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Neutron

nucleon (constituent of the nucleus of the atom) that has neutral electric charge (no charge); symbol n
(Redirected from Neutrons)
A picture of a neutron. The 'u' stands for an up quark, and the 'd' stands for a down quark.

Neutrons, with protons and electrons, make up an atom. Neutrons and protons are found in the nucleus of an atom.[1][2][3] Unlike protons, which have a positive charge, or electrons, which have a negative charge, neutrons have zero charge[1][4] which means they are neutral particles. Neutrons bind with protons with the residual strong force.

Neutrons were predicted by Ernest Rutherford,[5] and discovered by James Chadwick,[6][7] in 1932.[6] Atoms were fired at a thin pane of beryllium. Particles emerged which had no charge, and he called these 'neutrons'. They were later added to the modern image of the atom.

Neutrons have a mass of 1.675 × 10-24g,[8] which is a little heavier than the proton.[8] Neutrons are 1839 times heavier than electrons.[8]

Like all hadrons, neutrons are made of quarks. A neutron is made of two down quarks and one up quark.[2][3] One up quark has a charge of +2/3, and the two down quarks each have a charge of -1/3. The fact that these charges cancel out is why neutrons have a neutral (0) charge. Quarks are held together by gluons.

Contents

IsotopesEdit

Neutrons can be found in almost all atoms together with protons and electrons. Hydrogen-1 is the only exception. Atoms with the same number of protons but a different number of neutrons are called isotopes of the same element.

The number of neutrons in an atom does not affect its chemical properties. However it affects its half-life, a measure of its stability. An unstable isotope has a short half-life, in which half of it decays to lighter elements. By contrast, a stable isotope has a long half-life, much longer than that of an unstable isotope. The stability of an isotope is related to radioactivity: an unstable isotope can be highly radioactive.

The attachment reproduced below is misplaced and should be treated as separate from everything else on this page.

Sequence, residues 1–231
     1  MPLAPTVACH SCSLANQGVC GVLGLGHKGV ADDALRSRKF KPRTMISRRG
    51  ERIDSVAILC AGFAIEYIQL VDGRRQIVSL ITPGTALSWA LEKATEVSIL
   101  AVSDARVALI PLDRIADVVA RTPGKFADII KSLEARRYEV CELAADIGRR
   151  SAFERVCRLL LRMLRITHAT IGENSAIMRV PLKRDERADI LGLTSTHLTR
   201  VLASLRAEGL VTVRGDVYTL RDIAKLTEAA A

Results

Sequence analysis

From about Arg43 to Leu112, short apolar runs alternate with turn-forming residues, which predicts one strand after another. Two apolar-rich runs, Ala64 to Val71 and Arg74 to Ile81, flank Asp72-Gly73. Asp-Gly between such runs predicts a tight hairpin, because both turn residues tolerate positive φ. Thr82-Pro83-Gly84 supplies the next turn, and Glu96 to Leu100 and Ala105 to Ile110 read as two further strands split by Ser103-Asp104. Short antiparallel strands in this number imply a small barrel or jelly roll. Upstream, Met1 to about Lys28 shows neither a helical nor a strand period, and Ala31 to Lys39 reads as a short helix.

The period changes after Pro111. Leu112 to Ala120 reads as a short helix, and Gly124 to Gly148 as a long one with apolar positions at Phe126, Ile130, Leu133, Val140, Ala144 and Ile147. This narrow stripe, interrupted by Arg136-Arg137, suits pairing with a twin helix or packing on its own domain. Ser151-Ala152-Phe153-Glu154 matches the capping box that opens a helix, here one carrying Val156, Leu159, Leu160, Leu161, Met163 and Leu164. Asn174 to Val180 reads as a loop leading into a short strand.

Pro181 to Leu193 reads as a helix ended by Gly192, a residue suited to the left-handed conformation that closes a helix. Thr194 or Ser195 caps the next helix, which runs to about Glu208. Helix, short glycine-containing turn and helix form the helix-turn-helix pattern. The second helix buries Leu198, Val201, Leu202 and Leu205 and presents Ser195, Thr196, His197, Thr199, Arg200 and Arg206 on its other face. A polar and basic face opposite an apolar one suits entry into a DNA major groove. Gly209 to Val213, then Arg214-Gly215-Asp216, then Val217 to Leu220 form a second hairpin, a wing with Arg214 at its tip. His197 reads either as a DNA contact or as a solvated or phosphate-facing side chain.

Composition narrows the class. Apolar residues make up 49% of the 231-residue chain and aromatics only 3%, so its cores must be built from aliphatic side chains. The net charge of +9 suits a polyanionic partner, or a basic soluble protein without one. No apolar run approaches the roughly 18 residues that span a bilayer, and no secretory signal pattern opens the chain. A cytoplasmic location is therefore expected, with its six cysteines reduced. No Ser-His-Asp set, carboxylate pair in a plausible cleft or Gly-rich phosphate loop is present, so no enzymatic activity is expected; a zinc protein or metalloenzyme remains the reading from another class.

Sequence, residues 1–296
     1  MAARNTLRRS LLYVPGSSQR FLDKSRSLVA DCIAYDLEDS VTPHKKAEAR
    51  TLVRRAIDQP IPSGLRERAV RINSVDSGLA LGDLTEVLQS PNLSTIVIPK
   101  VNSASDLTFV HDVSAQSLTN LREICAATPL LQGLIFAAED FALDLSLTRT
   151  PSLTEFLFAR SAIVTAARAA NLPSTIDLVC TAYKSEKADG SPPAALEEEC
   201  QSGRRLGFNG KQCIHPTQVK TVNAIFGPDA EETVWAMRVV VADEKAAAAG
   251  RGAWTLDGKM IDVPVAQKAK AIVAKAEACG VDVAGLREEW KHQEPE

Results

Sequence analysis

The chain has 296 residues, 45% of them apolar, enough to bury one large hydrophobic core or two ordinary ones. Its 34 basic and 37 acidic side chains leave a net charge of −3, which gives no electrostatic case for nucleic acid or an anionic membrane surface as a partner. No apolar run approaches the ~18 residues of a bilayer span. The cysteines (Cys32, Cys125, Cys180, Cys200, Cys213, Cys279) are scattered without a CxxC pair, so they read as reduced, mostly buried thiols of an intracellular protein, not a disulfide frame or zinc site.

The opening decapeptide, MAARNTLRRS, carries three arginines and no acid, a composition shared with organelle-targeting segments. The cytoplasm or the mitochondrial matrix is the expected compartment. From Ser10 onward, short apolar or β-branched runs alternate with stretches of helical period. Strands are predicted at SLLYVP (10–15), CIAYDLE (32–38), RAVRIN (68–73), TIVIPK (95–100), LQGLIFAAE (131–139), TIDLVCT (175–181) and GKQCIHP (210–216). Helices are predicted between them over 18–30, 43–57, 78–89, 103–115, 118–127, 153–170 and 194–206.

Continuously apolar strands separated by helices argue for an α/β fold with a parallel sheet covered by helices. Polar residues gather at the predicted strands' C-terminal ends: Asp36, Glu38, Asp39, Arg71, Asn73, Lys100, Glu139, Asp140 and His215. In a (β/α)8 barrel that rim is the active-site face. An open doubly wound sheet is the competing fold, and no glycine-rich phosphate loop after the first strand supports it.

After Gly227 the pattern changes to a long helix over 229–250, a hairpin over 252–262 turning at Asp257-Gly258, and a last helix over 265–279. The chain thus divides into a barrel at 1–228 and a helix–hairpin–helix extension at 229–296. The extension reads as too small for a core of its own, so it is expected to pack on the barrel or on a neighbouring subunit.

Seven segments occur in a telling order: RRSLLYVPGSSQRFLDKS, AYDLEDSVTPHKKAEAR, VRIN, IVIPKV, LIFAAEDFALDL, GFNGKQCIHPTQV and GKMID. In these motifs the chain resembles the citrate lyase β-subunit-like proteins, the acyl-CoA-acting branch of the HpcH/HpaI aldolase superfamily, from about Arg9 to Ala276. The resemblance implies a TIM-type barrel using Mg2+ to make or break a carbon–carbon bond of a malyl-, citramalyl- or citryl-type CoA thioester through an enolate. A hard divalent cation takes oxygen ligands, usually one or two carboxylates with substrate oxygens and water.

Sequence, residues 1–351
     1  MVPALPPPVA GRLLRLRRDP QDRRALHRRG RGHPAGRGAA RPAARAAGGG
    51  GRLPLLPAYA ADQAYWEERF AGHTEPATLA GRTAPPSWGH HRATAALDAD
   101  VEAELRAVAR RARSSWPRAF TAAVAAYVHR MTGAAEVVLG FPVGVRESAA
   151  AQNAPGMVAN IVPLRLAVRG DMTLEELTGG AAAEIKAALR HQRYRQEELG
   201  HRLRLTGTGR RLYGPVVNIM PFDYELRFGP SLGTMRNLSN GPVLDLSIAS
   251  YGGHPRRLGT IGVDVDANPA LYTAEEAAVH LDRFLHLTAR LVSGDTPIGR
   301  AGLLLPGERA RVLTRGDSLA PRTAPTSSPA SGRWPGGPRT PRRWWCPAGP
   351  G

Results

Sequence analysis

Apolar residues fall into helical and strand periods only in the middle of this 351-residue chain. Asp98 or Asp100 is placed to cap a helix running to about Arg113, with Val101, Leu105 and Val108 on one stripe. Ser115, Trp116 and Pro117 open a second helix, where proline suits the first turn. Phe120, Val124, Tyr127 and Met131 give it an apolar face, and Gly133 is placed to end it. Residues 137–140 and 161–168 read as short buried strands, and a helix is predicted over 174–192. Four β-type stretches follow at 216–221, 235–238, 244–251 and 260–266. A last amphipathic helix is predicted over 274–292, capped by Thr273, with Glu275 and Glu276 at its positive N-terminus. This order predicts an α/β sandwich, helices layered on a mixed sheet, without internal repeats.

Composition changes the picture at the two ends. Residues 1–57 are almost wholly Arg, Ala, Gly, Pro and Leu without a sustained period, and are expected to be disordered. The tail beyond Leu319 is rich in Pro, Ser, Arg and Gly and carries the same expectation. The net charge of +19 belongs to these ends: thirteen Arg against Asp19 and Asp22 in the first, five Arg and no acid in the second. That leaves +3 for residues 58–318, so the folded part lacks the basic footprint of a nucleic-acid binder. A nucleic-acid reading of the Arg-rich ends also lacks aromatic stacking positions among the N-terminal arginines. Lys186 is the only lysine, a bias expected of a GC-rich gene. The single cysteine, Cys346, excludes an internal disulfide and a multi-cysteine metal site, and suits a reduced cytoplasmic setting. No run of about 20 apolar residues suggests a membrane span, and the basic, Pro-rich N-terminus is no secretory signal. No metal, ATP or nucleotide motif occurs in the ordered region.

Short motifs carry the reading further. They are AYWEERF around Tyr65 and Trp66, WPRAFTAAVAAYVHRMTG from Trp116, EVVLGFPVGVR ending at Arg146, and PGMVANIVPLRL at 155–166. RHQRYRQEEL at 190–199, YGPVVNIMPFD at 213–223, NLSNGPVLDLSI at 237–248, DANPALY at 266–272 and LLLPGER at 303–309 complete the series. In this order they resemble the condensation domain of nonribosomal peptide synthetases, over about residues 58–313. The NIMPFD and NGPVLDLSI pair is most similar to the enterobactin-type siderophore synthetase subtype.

Atomic reactionsEdit

Neutrons are the key to nuclear chain reactions, nuclear power and nuclear weapons.

Related pagesEdit

ReferencesEdit

  1. 1.0 1.1 Woolley, Steve (2011). Edexcel IGCSE Physics Revision Guide. Pearson Education. p. 20-21. ISBN 9780435046736.
  2. 2.0 2.1 Cox, Brian; Cohen, Andrew (2011). Wonders of the Universe. HarperCollins. p. 79, 108. ISBN 9780007395828.
  3. 3.0 3.1 Nave, R. (2007-01-15). "Protons and neutrons". hyperphysics.phy-astr.gsu.edu. http://hyperphysics.phy-astr.gsu.edu/hbase/particles/proton.html. Retrieved 2011-07-15.
  4. Ryan, Lawrie (2001). Chemistry for you: revised National Curriculum edition for GCSE (Second ed.). Nelson Thornes. p. 29. ISBN 9780748762347.
  5. http://chemed.chem.purdue.edu/genchem/history/rutherford.html
  6. 6.0 6.1 "Discovery of Neutrons". Helmholtz Zentrum Berlin. 2008-08-23. http://www.helmholtz-berlin.de/angebote/arbeiten-lernen/info/neutronen/entdeckung_en.html#c22033. Retrieved 2011-04-14.
  7. "The Nobel Prize in Physics 1935: James Chadwick". Nobelprize.org. http://nobelprize.org/nobel_prizes/physics/laureates/1935/. Retrieved 2011-04-15.
  8. 8.0 8.1 8.2 "Neutron (subatomic particle)". Encyclopædia Britannica Online. Encyclopædia Britannica. Retrieved on 14 April 2011.